Jeremy Corbyn used a speech to the National Education Union (NEU) conference in Liverpool to announce that a future Labour government would abolish all primary school SATs. He also said that the party would scrap the planned reception baseline assessments, which are due to be introduced in 2020.

In his speech Mr Corbyn said ‘SATs and the regime of extreme pressure testing are giving young children nightmares and leaving them in floods of tears. I meet teachers of all ages and backgrounds who are totally overworked and overstressed. These are dedicated public servants. It’s just wrong.’ He said Labour would consult with parents and teachers to come up with an alternative form of assessment.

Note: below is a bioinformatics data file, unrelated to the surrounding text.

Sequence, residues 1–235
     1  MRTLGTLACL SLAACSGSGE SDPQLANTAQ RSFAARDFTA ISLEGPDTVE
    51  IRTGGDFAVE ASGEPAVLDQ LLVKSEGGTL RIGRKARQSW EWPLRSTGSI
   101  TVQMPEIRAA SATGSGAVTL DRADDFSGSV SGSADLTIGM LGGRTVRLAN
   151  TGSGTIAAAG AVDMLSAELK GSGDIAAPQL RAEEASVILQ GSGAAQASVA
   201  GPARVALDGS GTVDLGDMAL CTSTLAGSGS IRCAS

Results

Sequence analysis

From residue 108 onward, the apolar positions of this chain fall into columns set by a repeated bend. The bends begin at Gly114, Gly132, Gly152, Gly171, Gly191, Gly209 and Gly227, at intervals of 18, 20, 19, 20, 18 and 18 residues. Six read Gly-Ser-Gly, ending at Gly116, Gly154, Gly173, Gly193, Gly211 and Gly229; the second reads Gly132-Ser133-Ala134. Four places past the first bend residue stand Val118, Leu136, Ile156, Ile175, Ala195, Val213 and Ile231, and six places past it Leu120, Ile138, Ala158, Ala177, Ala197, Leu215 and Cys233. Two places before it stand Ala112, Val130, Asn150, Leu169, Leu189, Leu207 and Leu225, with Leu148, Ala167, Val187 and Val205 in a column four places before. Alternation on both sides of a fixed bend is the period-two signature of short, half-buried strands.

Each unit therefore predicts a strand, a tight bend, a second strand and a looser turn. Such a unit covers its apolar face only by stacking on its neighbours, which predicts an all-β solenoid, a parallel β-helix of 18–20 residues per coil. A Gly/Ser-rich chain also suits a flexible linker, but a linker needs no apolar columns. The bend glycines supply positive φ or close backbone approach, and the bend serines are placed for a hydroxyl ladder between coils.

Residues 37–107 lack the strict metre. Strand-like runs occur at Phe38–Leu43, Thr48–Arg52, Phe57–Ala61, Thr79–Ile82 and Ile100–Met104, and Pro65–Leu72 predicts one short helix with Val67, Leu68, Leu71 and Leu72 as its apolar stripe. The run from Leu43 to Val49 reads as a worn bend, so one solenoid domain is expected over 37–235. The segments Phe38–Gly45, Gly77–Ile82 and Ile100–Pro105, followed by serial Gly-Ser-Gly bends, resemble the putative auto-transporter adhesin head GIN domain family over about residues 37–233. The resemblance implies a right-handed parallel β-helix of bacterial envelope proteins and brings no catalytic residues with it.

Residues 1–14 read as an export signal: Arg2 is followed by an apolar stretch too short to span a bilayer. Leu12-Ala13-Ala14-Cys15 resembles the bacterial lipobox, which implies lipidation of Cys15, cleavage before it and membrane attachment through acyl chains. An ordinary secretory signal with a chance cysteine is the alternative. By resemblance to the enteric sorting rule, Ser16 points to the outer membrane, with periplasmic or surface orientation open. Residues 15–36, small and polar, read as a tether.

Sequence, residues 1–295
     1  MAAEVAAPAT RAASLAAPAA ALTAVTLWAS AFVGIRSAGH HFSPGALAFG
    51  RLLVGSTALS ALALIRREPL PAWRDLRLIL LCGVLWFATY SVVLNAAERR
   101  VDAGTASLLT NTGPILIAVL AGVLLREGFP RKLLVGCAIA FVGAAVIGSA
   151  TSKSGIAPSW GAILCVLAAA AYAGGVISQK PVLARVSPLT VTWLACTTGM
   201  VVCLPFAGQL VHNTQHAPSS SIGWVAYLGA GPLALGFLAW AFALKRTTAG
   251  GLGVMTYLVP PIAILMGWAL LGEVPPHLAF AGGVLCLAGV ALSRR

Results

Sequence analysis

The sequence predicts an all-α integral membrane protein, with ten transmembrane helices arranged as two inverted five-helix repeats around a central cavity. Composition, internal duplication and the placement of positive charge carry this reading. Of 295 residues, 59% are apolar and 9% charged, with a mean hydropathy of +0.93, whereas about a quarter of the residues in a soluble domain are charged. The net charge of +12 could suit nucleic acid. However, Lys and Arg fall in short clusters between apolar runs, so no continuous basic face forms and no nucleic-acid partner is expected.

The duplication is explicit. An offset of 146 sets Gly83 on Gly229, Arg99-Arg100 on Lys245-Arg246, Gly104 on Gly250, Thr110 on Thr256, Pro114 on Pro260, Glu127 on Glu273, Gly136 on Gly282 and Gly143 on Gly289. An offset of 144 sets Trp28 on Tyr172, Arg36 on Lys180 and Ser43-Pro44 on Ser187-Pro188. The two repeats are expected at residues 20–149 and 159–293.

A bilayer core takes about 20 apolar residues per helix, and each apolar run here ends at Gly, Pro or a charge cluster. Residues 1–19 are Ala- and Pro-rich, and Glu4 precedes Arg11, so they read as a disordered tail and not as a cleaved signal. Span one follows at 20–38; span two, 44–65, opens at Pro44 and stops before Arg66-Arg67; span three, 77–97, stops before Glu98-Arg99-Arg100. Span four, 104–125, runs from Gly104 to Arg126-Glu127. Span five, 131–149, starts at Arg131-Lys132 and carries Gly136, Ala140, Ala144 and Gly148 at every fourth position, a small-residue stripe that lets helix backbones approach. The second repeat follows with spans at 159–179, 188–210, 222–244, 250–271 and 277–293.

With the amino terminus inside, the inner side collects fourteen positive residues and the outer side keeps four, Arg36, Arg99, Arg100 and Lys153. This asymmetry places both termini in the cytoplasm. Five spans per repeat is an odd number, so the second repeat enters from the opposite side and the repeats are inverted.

Responding to Mr Corbyn’s announcement, Dr Mary Bousted, joint general secretary of the NEU, said ‘The NEU has long advocated an assessment system that has the trust of teachers and school communities – one that will support children’s learning and raise standards of attainment in our schools. We look forward to the return of a broad and balanced primary curriculum and to the rekindling of the spirit of creativity in our schools. We welcome Labour’s commitment to work with the profession in order to develop these ground-breaking policies further’.

However, schools minister Nick Gibb was critical of the Labour proposals saying ‘These tests have been part of school life since the 1990s. They have been pivotal in raising standards in our primary schools. That’s why Labour governments led by Tony Blair and Gordon Brown supported them. Abolishing these tests would be a terrible, retrograde step. It would enormously damage our education system, and undo decades of improvement in children’s reading and maths.’

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